DEUTSCHES ZENTRUM FUER LUFT – UND RAUMFAHRT EV (DLR)

Organisation Profile

DLR is Germany's national research centre for aeronautics and space. Its extensive research and development work in aeronautics, space, transportation and energy is integrated into national and international co-operative ventures. As Germany's Space Agency, the German federal government has given DLR responsibility for the forward planning and implementation of the German space programme as well as international representation of Germany's interests. Aviation guarantees the global mobility and satellites enable worldwide communication. Remote sensing generates data about our environment, while the exploration of space leads to new knowledge about the origin and development of the solar system, its planets, and, hence, about the creation of life. Moreover, key industries, including materials technology, medicine and software engineering, all profit from innovations made by DLR in the fields of aeronautics and space,

  • exploration of the Earth and the solar system
  • research aimed at protecting the environment
  • development of environmentally-friendly technologies to promote mobility, communication and security.

DLR’s research portfolio ranges from fundamental research to innovative development of the applications and products of tomorrow. In this way, DLR contributes to the scientific and technical know-how, thus enhancing Germany’s industrial and technological reputation. DLR operates largescale research facilities for the centre’s own projects and as a service provider for clients and partners. It also promotes the next generation of scientists, provides advisory services to the German government and is a driving force in the regions surrounding its 13 sites all over the country.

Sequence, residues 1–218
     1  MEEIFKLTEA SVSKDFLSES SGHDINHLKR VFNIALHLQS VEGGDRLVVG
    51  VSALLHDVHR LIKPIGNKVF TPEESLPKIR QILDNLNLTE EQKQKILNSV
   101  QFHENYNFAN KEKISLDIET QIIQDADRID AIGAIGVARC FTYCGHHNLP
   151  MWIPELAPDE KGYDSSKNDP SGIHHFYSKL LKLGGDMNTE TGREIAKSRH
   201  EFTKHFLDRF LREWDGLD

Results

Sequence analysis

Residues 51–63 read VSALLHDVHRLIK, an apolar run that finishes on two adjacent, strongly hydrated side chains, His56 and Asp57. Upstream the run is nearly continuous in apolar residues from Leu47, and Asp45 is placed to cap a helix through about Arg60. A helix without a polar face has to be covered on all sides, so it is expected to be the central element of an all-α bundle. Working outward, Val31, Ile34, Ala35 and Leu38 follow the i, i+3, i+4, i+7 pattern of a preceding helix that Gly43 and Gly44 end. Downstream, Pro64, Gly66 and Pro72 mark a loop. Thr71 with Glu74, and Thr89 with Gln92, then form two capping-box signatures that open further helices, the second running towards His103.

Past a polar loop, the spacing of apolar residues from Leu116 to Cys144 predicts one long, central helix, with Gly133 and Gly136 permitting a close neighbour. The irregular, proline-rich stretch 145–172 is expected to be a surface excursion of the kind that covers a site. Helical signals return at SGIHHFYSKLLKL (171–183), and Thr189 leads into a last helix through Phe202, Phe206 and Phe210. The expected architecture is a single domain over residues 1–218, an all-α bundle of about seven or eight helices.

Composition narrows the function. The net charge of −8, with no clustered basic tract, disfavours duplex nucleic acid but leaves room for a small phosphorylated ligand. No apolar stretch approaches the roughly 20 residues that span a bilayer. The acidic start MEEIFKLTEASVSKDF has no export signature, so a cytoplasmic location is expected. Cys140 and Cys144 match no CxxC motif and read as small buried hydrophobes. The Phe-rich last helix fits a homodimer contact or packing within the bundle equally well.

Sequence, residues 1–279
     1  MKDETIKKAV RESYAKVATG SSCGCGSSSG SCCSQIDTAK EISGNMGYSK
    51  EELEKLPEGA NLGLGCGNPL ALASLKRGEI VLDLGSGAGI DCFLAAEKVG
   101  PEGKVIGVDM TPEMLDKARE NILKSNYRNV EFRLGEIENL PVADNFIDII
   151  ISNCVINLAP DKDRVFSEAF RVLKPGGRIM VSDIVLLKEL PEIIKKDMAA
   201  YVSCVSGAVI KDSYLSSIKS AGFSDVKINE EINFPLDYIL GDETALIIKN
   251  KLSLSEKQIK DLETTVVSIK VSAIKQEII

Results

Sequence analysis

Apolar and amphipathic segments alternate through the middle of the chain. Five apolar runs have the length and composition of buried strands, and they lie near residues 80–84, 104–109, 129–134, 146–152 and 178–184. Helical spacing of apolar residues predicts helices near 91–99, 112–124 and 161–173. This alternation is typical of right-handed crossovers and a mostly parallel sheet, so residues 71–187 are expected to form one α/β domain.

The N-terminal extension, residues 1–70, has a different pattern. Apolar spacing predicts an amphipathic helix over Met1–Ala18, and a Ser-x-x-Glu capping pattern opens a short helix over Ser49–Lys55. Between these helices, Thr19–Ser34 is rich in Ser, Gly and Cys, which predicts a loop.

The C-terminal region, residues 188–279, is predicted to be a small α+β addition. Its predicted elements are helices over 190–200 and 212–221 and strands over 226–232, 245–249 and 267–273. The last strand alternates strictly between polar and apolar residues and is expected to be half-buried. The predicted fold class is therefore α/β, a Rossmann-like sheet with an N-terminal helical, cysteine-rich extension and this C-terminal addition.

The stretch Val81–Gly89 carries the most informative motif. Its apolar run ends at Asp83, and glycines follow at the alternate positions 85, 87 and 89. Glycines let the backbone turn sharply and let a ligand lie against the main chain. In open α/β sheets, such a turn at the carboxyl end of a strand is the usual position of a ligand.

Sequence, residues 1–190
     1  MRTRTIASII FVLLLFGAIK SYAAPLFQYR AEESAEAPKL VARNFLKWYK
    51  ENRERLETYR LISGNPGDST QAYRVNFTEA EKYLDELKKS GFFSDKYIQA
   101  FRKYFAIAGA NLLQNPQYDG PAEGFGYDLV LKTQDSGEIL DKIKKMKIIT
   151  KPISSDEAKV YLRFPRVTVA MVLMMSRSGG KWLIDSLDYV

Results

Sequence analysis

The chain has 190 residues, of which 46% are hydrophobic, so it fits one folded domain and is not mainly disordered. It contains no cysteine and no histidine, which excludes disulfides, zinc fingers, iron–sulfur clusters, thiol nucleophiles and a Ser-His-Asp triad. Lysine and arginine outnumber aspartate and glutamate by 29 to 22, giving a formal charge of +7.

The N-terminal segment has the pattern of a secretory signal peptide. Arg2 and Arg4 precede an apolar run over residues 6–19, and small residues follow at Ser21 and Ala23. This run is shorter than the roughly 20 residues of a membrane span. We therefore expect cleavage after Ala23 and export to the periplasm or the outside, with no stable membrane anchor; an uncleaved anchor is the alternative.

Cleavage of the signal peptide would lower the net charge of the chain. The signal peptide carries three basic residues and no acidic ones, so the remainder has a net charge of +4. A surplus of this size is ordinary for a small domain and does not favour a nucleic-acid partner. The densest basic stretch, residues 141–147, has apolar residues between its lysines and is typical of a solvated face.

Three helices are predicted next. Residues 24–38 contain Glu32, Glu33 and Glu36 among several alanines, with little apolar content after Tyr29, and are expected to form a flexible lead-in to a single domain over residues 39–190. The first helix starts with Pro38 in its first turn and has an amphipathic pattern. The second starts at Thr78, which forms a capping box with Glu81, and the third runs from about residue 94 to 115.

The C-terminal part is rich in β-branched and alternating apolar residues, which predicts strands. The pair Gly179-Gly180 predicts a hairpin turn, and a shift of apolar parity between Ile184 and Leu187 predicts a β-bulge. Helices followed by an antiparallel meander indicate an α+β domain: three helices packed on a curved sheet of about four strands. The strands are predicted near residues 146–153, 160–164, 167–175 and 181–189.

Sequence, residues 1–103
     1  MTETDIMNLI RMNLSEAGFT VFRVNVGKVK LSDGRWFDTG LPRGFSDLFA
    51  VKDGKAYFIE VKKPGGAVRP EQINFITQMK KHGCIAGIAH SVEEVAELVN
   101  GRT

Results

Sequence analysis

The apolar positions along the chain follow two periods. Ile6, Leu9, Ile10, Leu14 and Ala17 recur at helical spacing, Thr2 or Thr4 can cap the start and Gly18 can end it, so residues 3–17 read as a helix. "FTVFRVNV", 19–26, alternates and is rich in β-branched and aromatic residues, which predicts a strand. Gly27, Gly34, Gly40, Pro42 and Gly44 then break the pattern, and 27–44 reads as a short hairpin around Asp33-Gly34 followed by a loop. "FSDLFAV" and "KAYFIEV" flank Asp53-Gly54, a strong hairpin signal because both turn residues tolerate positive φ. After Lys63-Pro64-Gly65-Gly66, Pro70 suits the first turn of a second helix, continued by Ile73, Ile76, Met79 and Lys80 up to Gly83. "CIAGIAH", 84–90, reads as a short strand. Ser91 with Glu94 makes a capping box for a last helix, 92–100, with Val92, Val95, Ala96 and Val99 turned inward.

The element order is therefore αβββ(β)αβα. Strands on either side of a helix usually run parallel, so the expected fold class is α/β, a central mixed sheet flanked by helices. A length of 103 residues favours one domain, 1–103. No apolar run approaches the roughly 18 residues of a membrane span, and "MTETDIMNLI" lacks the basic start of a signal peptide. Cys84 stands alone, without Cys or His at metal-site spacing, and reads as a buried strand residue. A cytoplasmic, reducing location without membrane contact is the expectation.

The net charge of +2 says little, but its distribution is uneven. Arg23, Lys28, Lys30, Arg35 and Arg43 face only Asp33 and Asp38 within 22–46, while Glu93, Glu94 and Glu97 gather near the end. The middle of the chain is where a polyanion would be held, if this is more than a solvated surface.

Approximately 7500 people are employed by DLR in its 35 institutes and facilities. DLR also has offices in Brussels, Paris and Washington, D.C. The DLR budget for in-house research and development work and other internal operations amounts to approximately €770 million, of which approximately half comes from revenues earned by DLR. DLR also administers the space budget of the German government, which totals some €880 million (2009). DLR initiated also the International Forum for Aviation Research (IFAR) http://www.ifar.aero which is also supported by the European Commission within the EU project IFARs. IFAR connects the 24 international leading research organisations in aviation and represents about 40.000 employees working in aviation research. The experience and results from IFAR will be provided to the SUNJET II project.

Role in the project

DLR has the following roles in the project:

  1. It is responsible for the Forum to organize the different meetings
  2. It brings the international network from the IFAR activity. Here exists already a technology data base with future technologies and the activity role of the IFAR members in the single technologies. This is an excellent basis for extension.
  3. IFAR developed a communication data base platform IFARlink www.ifarlink.aero . It is planned to build a bring between the SUNJET and IFARlink platform to generate synergies.

This project has received funding from the European Union’s Horizon 2020 research and innovation programme under grant agreement No 640480

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The consortium is working in close cooperation and supported by Japanese mirror organizations, including the Society of Japanese Aerospace Companies (SJAC), the Japan Aircraft Development Corporation (JADC), the Japan Aerospace Exploration Agency (JAXA), the University of Tokyo and Chubu Aerospace Industry and Technology Center (C-ASTEC).

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